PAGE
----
The Rab Xiom Jacket is a couple of years old now and it’s no longer featured on the Rab UK site (though it is on the US one). It looks to me as if it has been replaced by the Firewall jacket which, like the Xiom is a fully-featured, breathable, 3-layer Pertex Shield® jacket with helmet-compatible hood, chest pocket and underarm vents that weighs around 500g (the Xiom actually seems to be a bit lighter than the Firewall, but of course it depends on size as well). However, since the Xiom is still widely available I hope this review will be useful, and even if you aren’t looking at a Xiom, I would guess that a lot of this review will be applicable to the Firewall as well.
The Xiom is considerably heavier than my other shell, the Arc’Teryx Squamish but fulfills a different role, being also much, much more reliably waterproof. Pertex Shield+ is an alternative to GoreTex that is extremely waterproof, at 20,000mm hydrostatic head. That is a test, essentially, of, how much water it can withstand without wetting through, 20,000 is high enough to withstand extremely heavy rain for long periods of time, and is as high as it gets for hiking kit. Though I guess serious sailing gear might go higher, it lacks the lightweight and breathable qualities we need – it’s the 3-layer technology that contributes to this, dispersing condensation in a way that a simple 1-layer fabric, no matter how waterproof, couldn’t.
The point is that this is a relatively ‘bomb-proof’ jacket. It may not be as breathable as the lighter-weight options, but I can be pretty confident that in any conditions I am realistically likely to face, it will keep me dry. That’s a really important confidence and safety issue for hiking in the UK in almost any season and especially in autumn or winter when three days of torrential rain is not uncommon.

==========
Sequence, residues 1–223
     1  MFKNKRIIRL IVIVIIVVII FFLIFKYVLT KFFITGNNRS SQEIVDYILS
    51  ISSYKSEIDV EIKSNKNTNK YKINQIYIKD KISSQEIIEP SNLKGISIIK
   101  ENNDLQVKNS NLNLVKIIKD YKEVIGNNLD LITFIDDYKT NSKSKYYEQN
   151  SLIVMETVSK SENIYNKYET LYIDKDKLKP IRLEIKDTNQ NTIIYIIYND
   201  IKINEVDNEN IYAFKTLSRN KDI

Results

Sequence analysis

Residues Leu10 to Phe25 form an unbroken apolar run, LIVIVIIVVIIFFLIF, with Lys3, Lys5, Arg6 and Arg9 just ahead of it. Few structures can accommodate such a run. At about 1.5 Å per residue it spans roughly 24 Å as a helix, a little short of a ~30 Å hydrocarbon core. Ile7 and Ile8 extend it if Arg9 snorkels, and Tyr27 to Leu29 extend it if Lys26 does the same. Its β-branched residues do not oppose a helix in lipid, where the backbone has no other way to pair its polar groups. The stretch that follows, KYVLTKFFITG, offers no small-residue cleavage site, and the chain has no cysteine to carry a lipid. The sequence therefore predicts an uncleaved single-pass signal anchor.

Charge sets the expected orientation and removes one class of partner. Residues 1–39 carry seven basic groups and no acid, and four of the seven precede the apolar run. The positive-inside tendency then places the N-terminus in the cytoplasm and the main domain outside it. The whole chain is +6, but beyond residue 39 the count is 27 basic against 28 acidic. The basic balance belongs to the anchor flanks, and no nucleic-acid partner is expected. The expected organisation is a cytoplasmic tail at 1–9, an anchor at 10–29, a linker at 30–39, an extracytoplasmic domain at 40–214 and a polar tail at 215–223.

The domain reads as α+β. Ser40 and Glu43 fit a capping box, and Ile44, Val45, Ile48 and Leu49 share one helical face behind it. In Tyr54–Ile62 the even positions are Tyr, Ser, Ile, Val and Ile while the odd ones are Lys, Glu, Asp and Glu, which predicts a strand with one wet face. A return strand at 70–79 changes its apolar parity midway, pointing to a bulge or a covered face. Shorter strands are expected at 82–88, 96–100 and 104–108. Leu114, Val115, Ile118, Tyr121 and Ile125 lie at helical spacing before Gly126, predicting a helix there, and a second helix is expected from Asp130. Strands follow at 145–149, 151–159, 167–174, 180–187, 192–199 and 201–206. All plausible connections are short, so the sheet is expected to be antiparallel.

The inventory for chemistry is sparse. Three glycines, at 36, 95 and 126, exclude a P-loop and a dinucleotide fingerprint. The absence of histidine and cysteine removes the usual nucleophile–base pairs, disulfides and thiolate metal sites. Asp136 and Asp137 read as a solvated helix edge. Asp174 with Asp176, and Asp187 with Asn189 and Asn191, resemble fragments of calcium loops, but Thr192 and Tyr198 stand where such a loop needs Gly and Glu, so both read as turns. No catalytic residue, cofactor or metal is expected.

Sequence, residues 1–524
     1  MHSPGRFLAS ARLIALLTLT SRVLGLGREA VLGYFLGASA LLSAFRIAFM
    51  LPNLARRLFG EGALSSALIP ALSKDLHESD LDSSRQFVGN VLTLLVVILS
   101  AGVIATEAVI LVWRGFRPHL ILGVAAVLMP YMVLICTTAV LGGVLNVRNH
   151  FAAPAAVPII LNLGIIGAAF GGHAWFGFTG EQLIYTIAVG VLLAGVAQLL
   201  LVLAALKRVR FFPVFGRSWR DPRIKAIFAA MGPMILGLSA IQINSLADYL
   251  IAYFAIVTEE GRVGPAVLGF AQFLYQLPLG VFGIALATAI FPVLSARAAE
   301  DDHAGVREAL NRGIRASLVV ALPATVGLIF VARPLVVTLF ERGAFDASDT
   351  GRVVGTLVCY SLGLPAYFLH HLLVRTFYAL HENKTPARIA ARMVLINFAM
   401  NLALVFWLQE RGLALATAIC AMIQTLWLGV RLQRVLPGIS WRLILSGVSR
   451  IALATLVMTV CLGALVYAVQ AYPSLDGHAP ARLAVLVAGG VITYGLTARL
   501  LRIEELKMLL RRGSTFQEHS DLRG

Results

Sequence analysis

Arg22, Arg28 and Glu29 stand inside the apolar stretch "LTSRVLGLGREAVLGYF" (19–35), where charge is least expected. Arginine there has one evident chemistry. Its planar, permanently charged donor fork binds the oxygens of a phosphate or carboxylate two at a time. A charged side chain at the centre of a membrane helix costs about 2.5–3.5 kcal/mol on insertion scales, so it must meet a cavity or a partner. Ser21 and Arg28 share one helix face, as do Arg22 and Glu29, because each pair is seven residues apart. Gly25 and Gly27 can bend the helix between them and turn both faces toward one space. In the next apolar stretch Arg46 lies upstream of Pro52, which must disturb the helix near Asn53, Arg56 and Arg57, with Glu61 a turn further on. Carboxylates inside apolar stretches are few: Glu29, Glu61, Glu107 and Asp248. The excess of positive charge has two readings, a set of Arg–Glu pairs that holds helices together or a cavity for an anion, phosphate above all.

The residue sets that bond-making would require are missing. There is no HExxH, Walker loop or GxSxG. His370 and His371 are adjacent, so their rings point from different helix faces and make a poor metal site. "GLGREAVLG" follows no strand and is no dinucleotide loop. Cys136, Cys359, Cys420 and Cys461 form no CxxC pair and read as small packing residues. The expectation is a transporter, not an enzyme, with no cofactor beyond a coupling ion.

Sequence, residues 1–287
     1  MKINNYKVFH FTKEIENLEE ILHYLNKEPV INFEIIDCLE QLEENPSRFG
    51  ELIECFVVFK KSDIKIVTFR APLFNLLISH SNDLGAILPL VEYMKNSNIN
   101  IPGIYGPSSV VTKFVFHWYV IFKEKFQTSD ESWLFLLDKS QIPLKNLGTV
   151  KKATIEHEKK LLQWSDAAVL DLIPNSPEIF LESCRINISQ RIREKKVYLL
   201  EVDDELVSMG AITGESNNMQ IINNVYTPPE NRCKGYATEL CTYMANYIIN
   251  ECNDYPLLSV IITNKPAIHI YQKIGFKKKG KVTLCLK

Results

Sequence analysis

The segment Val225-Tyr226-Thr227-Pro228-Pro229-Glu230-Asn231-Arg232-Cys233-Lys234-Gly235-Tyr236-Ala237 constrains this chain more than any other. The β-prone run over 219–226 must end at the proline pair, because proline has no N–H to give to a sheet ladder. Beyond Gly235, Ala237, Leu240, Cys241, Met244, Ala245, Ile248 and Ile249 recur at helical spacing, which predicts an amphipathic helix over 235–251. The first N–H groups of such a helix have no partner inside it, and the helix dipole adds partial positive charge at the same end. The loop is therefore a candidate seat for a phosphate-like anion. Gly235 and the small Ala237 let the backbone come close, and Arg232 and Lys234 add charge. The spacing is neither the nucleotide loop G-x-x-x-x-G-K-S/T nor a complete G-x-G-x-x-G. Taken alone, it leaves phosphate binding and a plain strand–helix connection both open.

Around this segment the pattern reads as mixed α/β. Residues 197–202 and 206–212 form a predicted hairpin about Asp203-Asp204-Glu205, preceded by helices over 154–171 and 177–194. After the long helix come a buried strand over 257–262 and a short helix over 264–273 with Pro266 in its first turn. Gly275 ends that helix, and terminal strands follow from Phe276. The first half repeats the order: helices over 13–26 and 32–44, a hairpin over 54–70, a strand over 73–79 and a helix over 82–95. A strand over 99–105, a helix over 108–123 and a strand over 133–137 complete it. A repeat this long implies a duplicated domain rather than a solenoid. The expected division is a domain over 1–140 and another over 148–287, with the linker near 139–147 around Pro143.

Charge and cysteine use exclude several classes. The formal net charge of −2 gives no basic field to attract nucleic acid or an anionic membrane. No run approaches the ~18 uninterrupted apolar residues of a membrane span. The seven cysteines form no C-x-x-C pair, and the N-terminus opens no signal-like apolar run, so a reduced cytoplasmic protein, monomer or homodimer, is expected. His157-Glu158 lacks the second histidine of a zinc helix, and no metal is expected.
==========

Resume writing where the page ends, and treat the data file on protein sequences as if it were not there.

In fact, on my summer hike in Brecon a couple of years ago, it poured down for the first day and the Xiom did an amazing job of keeping me dry, without even coming close to wetting out.
The other practical consideration with a raincoat is, once I accept that water won’t go through it, will it go round it. If that sounds like a stupid question, it isn’t – the most waterproof jacket in the world is still a nightmare if water drips into your face, down the back of your neck, off the back and down your trousers, and so on. Well, the good news is that the hood is absolutely brilliant, with a wire-reinforced brim meaning you can keep rain well off your face even in high winds, and plenty of adjustments to make it comfortable. Taped seams, waterproof zips, inbuilt storm shields, a hem drawcord and velcro cuffs also mean there’s not much danger of water getting in anywhere else.
The one issue is that, like most fairly ‘active’ shells, it’s quite short, coming down to only a little below the top of the hips, and very slightly lower at the back. That means that in heavy rain water does tend to pour off it and onto your trousers, but that’s inevitable with any jacket and easily solved by wearing waterproof trousers. I guess if I knew I was going to be in heavy rain for days and days I might consider taking a slightly longer jacket but, like everything, it’s a trade-off with weight, comfort, breathability and so on.
There are lighter-weight (and more breathable) jackets in Rab’s range, and this certainly isn’t really suitable for trail running or fast-packing, but any hiker, especially over here, needs a really serious waterproof jacket and that is exactly what the Xiom is. I would certainly recommend it or, if I’m right that it has been discontinued and replaced by the Firewall then I am sure that is equally excellent.